Sheep: Organic Stocking Rates

Technical information to help you manage the clover content of your swards in ways that will benefit your sheep stocking rates.

Resource explained

This technical summary, provided by a senior sheep consultant, offers useful facts about the relationship between clover swards and stocking rates of sheep.
Referring to clover as “the Engine of Production,” it suggests that the number of sheep you can keep directly depends on the clover content of your swards.
However it also states that it is not enough to just increase the clover seed content of your mixtures; active management is important if you want to maintain a high clover content.
It outlines the difference in supporting stocking rates with the use of clover providing a natural form of nitrogen (N) compared to applying ‘bagged’ N fertiliser.
It provides practical tips on ways you can maintain a 20% clover sward and information on what can happen to your stocking rates without using clover (based on recent Welsh and Scottish research).
There are some useful take home messages.


Findings & recommendations

  • To maintain a minimum 20% clover sward, there are various recommendations such as: Using small-leaved clovers and tetraploid ryegrass varieties for long-term sheep grazing pastures; maintaining adequate soil fertility; correcting nutrient deficiencies; maintaining an adequate soil pH using lime applications where appropriate; maintaining a short sward height; making sure close grazing takes place in autumn or early winter; and allowing a break from grazing during the growing season with larger-leaved varieties.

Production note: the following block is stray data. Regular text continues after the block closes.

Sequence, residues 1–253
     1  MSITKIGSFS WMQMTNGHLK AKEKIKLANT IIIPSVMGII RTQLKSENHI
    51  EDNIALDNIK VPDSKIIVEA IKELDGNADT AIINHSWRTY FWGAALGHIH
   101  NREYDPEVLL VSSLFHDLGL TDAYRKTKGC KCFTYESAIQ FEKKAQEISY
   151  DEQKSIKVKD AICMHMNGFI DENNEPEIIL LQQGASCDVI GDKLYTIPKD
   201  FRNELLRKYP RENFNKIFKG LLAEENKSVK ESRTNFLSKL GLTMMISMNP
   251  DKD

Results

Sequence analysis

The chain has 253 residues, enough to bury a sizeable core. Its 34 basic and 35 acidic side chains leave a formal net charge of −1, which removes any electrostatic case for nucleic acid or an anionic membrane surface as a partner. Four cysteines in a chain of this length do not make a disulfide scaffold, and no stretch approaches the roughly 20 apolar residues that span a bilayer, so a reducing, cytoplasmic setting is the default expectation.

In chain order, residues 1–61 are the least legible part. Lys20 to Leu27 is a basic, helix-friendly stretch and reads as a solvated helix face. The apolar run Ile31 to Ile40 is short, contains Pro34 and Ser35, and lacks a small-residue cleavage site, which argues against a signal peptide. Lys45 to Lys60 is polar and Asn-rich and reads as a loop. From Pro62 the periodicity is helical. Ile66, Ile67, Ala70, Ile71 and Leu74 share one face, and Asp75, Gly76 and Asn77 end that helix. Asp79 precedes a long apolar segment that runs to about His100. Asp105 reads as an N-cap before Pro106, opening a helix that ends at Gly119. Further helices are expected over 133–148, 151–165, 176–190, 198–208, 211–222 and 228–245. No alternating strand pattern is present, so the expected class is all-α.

• Recent research results indicate how withdrawal of nitrogen can affect stocking rates. Two tables are used to illustrate this. One demonstrates that stocking rates fall when fertility and pH is reduced without other changes. The other shows that grass plus clover swards can provide higher stocking rates than grass without clover in the sward.
  • The take home messages include:
    • Tips on clover establishment before and during conversion to organic land.
    • Ways of using red clover for silage and grazing.
    • Organic swards based on clover still require high stocking rates in May to maintain a leafy sward rich in clover.
    • When undertaking conversion, consider reducing sheep numbers and use the capital from the sale of stock to renew pastures, aiming to achieve clover dominance and sustainability.


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